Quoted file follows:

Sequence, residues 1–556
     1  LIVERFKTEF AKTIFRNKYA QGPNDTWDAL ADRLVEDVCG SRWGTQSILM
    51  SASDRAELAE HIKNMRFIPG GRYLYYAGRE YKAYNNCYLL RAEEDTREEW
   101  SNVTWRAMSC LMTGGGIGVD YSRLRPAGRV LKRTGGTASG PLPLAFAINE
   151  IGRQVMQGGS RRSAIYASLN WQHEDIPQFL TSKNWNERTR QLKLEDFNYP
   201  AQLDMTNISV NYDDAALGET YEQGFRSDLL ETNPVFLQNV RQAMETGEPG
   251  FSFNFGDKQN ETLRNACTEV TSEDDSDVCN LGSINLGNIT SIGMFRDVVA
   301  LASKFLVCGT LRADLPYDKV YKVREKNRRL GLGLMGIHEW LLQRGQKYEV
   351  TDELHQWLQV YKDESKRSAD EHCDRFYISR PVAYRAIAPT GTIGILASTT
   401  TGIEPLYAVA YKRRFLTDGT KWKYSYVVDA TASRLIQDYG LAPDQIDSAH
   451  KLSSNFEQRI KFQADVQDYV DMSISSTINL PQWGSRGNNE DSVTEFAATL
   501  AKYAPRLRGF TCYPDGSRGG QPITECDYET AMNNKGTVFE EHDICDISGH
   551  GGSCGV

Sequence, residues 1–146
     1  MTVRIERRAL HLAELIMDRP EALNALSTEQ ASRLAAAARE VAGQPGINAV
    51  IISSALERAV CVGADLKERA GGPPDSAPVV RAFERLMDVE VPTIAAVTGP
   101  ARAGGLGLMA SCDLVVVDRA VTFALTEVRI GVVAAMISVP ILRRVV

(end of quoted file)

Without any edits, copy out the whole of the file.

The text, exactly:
Sequence, residues 1–556
     1  LIVERFKTEF AKTIFRNKYA QGPNDTWDAL ADRLVEDVCG SRWGTQSILM
    51  SASDRAELAE HIKNMRFIPG GRYLYYAGRE YKAYNNCYLL RAEEDTREEW
   101  SNVTWRAMSC LMTGGGIGVD YSRLRPAGRV LKRTGGTASG PLPLAFAINE
   151  IGRQVMQGGS RRSAIYASLN WQHEDIPQFL TSKNWNERTR QLKLEDFNYP
   201  AQLDMTNISV NYDDAALGET YEQGFRSDLL ETNPVFLQNV RQAMETGEPG
   251  FSFNFGDKQN ETLRNACTEV TSEDDSDVCN LGSINLGNIT SIGMFRDVVA
   301  LASKFLVCGT LRADLPYDKV YKVREKNRRL GLGLMGIHEW LLQRGQKYEV
   351  TDELHQWLQV YKDESKRSAD EHCDRFYISR PVAYRAIAPT GTIGILASTT
   401  TGIEPLYAVA YKRRFLTDGT KWKYSYVVDA TASRLIQDYG LAPDQIDSAH
   451  KLSSNFEQRI KFQADVQDYV DMSISSTINL PQWGSRGNNE DSVTEFAATL
   501  AKYAPRLRGF TCYPDGSRGG QPITECDYET AMNNKGTVFE EHDICDISGH
   551  GGSCGV

Sequence, residues 1–146
     1  MTVRIERRAL HLAELIMDRP EALNALSTEQ ASRLAAAARE VAGQPGINAV
    51  IISSALERAV CVGADLKERA GGPPDSAPVV RAFERLMDVE VPTIAAVTGP
   101  ARAGGLGLMA SCDLVVVDRA VTFALTEVRI GVVAAMISVP ILRRVV